I'm not sure if this is the correct place to ask this kind of a question, but here goes:
I'm doing my own reading of the Principles of Program Analysis book, and i'm having trouble understanding some priciples from Chapter 5 - Type and Effect Systems.
In the book (page 286) there is an example:
I can not understand, why do they start with the expression funF f x => ... Is this maybe guessing the values of the types of the bound variables f and x, we just assume that f is of type function that takes a function and returns a function, and that x is of type function (because it seems about right)?
After that we have to determine the type of the function body, so we move to f (fnY y => y). From the assumed types, we infer the type f (the top bottom rule in the image), and then we move to: fnY y => y, and it is streightforward that the type of that expression is t -> t (a function that returns the same type that it was given).
Now that we know this, we can determine the type of the function application f (fnY y => y) as t -> t.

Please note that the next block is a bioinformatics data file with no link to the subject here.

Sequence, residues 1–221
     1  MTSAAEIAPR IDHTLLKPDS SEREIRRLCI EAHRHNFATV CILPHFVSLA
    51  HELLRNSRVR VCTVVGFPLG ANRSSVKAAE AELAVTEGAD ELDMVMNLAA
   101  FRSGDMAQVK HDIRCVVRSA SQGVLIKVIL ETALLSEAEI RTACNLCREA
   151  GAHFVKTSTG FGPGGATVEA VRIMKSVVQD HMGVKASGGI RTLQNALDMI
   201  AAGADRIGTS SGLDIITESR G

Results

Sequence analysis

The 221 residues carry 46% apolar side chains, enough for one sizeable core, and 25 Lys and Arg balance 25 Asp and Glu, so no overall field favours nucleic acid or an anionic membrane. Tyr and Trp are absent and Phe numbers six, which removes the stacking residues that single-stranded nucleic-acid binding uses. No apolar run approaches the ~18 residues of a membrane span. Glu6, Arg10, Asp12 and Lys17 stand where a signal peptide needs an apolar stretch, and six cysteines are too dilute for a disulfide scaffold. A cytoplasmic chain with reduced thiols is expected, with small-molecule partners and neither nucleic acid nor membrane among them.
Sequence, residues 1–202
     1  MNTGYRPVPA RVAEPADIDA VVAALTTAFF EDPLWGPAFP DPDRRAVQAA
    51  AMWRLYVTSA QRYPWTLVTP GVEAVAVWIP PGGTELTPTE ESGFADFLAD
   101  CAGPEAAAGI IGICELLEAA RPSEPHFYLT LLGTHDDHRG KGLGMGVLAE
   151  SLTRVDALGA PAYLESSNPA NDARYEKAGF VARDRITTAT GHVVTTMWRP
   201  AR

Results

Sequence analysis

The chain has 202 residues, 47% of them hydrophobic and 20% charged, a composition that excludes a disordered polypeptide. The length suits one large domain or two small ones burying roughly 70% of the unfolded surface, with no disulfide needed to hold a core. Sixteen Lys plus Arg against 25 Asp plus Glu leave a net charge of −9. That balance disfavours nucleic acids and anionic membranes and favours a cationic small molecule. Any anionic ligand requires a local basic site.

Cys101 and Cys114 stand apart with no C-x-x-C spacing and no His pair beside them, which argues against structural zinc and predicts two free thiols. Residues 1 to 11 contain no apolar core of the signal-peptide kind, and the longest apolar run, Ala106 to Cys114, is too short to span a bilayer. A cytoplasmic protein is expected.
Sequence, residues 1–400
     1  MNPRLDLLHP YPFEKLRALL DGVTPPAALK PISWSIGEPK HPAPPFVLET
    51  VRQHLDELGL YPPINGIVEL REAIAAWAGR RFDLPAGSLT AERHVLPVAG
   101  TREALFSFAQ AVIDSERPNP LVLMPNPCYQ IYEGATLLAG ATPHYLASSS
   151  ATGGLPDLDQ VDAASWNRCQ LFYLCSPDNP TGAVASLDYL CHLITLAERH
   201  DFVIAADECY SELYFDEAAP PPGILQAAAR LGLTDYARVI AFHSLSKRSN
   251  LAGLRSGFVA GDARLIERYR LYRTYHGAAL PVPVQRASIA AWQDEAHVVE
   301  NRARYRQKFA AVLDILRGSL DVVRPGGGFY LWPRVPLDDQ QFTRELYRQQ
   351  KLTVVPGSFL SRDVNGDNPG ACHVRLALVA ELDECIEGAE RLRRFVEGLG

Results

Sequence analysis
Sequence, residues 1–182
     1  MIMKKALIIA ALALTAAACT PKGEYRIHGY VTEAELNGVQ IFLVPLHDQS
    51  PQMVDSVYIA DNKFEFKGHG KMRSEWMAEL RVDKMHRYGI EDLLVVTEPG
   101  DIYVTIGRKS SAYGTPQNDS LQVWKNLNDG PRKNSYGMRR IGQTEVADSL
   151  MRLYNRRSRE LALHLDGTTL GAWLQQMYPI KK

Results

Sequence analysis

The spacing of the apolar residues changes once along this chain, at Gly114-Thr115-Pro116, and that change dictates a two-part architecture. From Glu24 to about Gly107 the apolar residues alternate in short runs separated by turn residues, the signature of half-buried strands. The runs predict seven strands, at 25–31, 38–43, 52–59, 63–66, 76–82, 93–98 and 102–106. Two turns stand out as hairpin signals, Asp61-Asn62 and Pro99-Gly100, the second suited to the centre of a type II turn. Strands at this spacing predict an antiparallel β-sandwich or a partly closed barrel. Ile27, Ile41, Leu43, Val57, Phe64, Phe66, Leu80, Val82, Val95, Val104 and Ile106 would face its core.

Then again we move up to determine the type of funF ... which accoring to the rules for recursive functions is streight-forward (the same type as for f in the assumed typed enviroment)..
Then we move to the in body: g (fnZ => z). g's type has already been determined immediatly above, so we move to fnZ => z which is the same as for fnY. And in the end we get that the whole expression has the type: t -> t.
What i'm asking is: is this the correct trail of thought? Or i'm i missing the point somewhere?
I'm not sure about the guessing part, why did we start where we did, why not more simply with variable y or somewhere else? The rest of the chapter heavily depends on the proper understanding of these concepts, and i would like to understand this.
In general, I would be grateful if somebody could point me out to a book or something that, in more details explains type systems.